There has to be a commitment from everyone.  Everyone has to be on board.  She is not the reading teacher.  He is not MY kid.  They are not SPED kids.  All those thoughts have to change to- We are reading teachers.  He is OUR kid.  All of them are our kids.  The teaching staff has to be committed to being a part of the process.  Strategies for all have to be taught in all core classes, elective classes, etc.  We have worked hard at implementing vocabulary strategies in all our classes.  In our reading classes we have focused on specific strategies regarding comprehension and fluency.  However at many levels phonics is also an issue.  We also hit those kids that need those skills with our other programs.  
Another important part of this is getting parents on board.  There has to be commitment from parents that they want their kids to read.  Contacting parents and making them aware of our commitment and what we want for their kids is a great way to build that relationship.  I mean what parent, if they knew their kids had trouble reading wouldn't want them to get the help they need.  Anyone??  Anyone??  

All people must be on board and committed.  

2. Time

This also has to do with commitment.  You have to give the kids time.  Take time out of your schedule to dedicate to reading interventions and instruction.  We have committed 85 minutes every day for some kids and 45 minutes 4 days a week for others.  Its because of this focused instruction every day that kids have improved.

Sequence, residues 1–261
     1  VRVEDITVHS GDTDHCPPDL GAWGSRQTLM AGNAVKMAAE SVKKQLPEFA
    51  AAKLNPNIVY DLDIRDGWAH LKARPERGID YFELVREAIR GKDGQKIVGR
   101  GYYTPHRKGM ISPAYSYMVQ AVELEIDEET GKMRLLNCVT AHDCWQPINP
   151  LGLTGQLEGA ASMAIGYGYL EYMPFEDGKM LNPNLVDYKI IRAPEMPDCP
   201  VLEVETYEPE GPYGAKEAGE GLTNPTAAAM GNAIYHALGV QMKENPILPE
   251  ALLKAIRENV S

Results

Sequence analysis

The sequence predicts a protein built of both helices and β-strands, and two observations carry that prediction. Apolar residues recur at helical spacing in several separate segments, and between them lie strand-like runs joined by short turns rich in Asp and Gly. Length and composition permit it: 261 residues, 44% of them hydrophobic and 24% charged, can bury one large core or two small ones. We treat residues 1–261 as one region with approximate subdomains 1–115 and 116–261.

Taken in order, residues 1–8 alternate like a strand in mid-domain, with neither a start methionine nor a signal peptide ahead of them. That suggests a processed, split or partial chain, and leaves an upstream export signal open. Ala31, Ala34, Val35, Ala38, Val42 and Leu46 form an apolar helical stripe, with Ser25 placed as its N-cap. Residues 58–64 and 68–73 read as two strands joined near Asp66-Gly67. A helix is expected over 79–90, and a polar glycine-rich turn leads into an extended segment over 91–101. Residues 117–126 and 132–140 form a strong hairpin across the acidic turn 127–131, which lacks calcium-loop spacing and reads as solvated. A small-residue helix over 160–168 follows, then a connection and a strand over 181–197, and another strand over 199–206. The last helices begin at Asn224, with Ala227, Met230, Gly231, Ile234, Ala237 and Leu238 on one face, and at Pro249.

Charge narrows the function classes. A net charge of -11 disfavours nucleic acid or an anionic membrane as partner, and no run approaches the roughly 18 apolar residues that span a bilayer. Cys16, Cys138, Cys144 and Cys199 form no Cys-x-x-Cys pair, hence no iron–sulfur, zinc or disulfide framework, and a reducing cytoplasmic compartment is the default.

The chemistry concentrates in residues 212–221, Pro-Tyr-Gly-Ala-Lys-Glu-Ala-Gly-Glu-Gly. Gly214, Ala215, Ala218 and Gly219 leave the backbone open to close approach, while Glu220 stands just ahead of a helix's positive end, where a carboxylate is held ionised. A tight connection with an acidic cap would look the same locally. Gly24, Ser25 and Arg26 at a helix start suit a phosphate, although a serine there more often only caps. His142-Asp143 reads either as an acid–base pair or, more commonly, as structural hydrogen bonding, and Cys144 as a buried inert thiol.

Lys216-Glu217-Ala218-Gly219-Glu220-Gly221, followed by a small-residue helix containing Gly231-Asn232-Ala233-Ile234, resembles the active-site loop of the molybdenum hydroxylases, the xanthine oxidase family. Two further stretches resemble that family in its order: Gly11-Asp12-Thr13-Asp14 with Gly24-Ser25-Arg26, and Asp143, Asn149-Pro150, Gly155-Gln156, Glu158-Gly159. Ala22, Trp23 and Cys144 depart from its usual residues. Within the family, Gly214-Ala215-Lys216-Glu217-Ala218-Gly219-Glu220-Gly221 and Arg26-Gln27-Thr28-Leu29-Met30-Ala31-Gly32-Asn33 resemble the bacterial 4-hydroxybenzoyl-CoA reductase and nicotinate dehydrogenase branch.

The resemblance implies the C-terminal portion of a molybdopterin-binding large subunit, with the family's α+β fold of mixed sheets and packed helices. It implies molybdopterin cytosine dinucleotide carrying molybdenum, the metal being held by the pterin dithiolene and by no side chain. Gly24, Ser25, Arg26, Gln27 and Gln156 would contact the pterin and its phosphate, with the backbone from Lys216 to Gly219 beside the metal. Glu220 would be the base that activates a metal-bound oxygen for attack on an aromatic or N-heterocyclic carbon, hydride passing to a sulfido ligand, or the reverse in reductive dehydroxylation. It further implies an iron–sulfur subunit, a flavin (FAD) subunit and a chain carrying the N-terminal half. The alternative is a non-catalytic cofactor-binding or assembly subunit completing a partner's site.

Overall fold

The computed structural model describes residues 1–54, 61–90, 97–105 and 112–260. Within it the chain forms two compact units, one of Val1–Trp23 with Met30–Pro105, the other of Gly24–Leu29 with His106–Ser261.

Also you have to give your teachers time.  Time to develop their strengths, and for professional development.  Have we all taught reading before? No. Are we all reading teachers? Yes.  We all however need time to learn to become reading teachers.  I have met individually with our teachers, we have worked in services, etc training our teachers to become better reading teachers.  That never can stop.  If you want to make it a priority then you have to make a commitment.
Parents-This is also when you play a part.  Just because they are in high school doesn't mean there isn't quiet time at home.  Turn the electronics off and read with your child.  Model for them-Read the newspaper every day-online is ok!  Pick up a book and read along with them.  Take the time.

Take the Time, Give them Time

3. Encouragement-Show them you Care

Let's go back to that Senior who is reading at a 3rd grade level.  What does he have to look forward to?  Why didn't someone catch him earlier?  Isn't he in HS, and isn't it the Elementary teacher's job to teach him to read.  

It does break my heart to see a child who is 18 not be able to read.  But really no more than a child who is 7.  All someone has to do is show them you care.  If it is important to you it will be to them.  Give them a reason to read.  Show them passion.  Encourage them.  Encourage them.  Encourage them.  

If we teachers at the HS don't show them we care-who will.  Many students at this age have shut off and are in danger to not graduate if they can't read.  What will they do without their HS diploma?  The percentages are not in their favor.  We can use great programs, give them lots of time and all the commitment in the world, but if they see you don't care and don't put your full effort into it they WON'T learn to read.  
Another part of this is being intentional.  We talk about reading each and every meeting.  We discuss it in our PLC groups.  I look at data daily to see how our kids are doing.  IT has to be a focus of everybody and kids can improve.  

So the next my son comes in and says, "One more book dad? Just one more?"  I think I'll just smile and say, "Can I help you?  Do you want me to read it to you?"  

Will you turn down the opportunity to teach a kid to read?

Have a great Reading month!